How a bill becomes a law (Unitary Executive remix)

That old Schoolhouse Rock song doesn’t quite capture the legislative process of the Twenty-First Century.

Bush generally doesn’t bother vetoing bills he doesn’t like. Instead, he attaches “signing statements” that, in the most extreme cases, announce his refusal to follow the very law he’s just signed.

Signing statements don’t have the force of law, but they can influence judicial interpretations of a statute. They also send a powerful signal to executive branch agencies on how the White House wants them to implement new federal laws.

In some cases, Bush bluntly informs Congress that he has no intention of carrying out provisions that he considers an unconstitutional encroachment on his authority.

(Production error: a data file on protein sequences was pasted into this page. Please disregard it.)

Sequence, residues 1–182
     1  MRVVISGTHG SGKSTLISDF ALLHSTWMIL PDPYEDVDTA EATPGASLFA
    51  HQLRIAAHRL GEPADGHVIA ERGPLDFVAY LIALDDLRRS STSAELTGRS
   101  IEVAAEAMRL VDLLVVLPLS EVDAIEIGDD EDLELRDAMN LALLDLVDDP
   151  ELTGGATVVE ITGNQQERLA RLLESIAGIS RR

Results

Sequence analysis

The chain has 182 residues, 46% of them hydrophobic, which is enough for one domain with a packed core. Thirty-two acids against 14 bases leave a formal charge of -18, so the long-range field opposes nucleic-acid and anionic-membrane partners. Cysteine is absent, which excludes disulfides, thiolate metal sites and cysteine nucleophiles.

“They don’t like some of the things Congress has done so they assert the power to ignore it,” said Martin Lederman, a visiting professor at the Georgetown University Law Center. “The categorical nature of their opposition is unprecedented and alarming.”

While other presidents have on relied signing statements too, Digby notes that “Bush has made a fetish out of them,” issuing more than 500, often while “specifically citing the Presidential Infallibility Doctrine (aka the ‘Unitary Executive Theory’).” Also, former presidents, unlike Bush, “were almost always working with a congressional majority of the other party…. [Y]ou have to ask yourself why [Bush] can’t get laws passed exactly the way he wants them … in his rubber stamp congress.”


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